Deeper Learning Demands Deeper Justification from EdTech Tools (Ep 7)

June 11, 2019 / By

There is a tendency, by both edtech vendors and users, to excitedly describe technology tools in terms of product features and benefits, faddish jargon and technical fireworks. When the conversation turns to the educational value of edtech tools, questions raised tend to be answered by positing a connection between the edtech tool to specific curriculum requirements or standards.

For school and district administrators responsible for ensuring that money being spent can be demonstrated to impact educational goals, this response is likely too imprecise for comfortable decision-making. What is needed are clear guideposts and frameworks that move the conversation beyond rhetoric to demonstrable correlations between edtech tools and stated education goals.

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Transcript

Hey, everyone. Welcome to the Deeper Learning with WeVideo podcast. I am Dr. Nathan Lang-Raad, and this is episode number seven. In this episode, I want to share with you how deeper learning demands deeper justification from EdTech tools. All right, let’s get started.

In the world of EdTech, there is a tendency to excitedly describe technology tools in terms of product features and benefits, faddish jargon, and technical fireworks. When the conversation turns to the educational value that tech tools, questions raised tend to be answered by posting a connection between the EdTech tool to specific curriculum requirements or standards. For school and district administrators responsible for ensuring that money being spent can be demonstrated to impact educational goals, this response is likely too imprecise for comfortable decision-making. What is needed are clear guidepost and frameworks that move the conversation beyond rhetoric to measurable correlations between EdTech tools and stated educational goals.

Consider the following example of a content standard that is typically of the sort to which an EdTech tool might claim a link. This is from the common core English Language Arts Literacy W.7.7 conducted short research projects to answer a question, drawing on several sources and generating additional related focus questions for further research and investigation. It is one thing for an EdTech vendor to claim that this standard is covered by their tool, as in, “Yes, students can use our product in completing this sort of project.” Of course, the same could be said of pencil and paper.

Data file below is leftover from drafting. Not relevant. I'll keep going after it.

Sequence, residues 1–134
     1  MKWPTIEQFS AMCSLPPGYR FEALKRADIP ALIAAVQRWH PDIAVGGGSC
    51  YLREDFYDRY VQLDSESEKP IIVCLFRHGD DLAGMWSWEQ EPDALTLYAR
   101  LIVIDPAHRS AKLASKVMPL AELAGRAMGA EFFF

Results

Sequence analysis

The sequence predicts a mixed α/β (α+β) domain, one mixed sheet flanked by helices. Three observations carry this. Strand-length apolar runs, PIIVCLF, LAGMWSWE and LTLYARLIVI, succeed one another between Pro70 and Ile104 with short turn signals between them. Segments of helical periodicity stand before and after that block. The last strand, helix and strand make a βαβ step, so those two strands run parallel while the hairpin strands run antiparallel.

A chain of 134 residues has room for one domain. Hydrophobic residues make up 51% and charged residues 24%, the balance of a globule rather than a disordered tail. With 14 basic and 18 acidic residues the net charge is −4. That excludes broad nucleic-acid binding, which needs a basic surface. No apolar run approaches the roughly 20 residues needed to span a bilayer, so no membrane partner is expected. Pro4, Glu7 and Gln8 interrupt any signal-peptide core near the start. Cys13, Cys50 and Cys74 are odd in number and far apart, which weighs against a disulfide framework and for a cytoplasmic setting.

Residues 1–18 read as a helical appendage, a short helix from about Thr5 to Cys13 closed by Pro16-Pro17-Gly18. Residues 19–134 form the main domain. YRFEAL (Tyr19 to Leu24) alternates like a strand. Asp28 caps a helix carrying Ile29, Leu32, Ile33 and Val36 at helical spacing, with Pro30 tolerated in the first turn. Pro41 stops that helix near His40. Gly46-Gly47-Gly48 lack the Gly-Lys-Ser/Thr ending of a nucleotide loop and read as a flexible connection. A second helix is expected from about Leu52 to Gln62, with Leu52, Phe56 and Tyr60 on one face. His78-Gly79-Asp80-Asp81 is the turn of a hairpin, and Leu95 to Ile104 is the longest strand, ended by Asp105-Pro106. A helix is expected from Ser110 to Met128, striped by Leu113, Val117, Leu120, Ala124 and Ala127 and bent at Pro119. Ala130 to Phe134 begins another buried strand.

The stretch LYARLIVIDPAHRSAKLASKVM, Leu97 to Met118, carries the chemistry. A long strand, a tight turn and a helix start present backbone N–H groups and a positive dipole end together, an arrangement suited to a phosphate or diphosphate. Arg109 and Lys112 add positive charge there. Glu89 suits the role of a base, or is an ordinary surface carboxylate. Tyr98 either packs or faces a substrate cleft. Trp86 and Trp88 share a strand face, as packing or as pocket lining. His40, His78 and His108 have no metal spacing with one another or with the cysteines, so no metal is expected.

The educational value of the tool must go beyond a tangential connection to content standards. Additionally, the platform or tool must go beyond a substitution of ineffective practices, passive consumption of information. An effective tool is one that supports students in deeper learning and facilitates their application of concepts at a higher level of learning. We would also expect such a tool to be intrinsically motivating and exciting to students in a way that previous techniques cannot fulfill. What decision makers need, therefore, are proven calibrated yardsticks for measuring the real utility and effectiveness of a given tool as a means of empowering students to demonstrate deeper learning.

Bloom’s Taxonomy is among the most well-known of cognitive research theories about learning. Bloom proposed that learning can be categorized by six levels of cognition. Each level reflects more complex engagement than the last. The bottom of the pyramid represents remembering, which is basic recall, while the top of the pyramid represents creation, which is actively using knowledge and concepts in the creation of new work. Another framework is the rigor relevance framework that builds upon Bloom’s Taxonomy. In this framework, the vertical axis represents the six levels proposed by Bloom’s Taxonomy. The horizontal axis is the application model, which demonstrates in specific detail methods by which knowledge can be put into use, in meaningful ways, of course. Quadrant D represents the highest degree of effectiveness, where knowledge and skills are used to create something new to solve complex, real-world problems that students care about.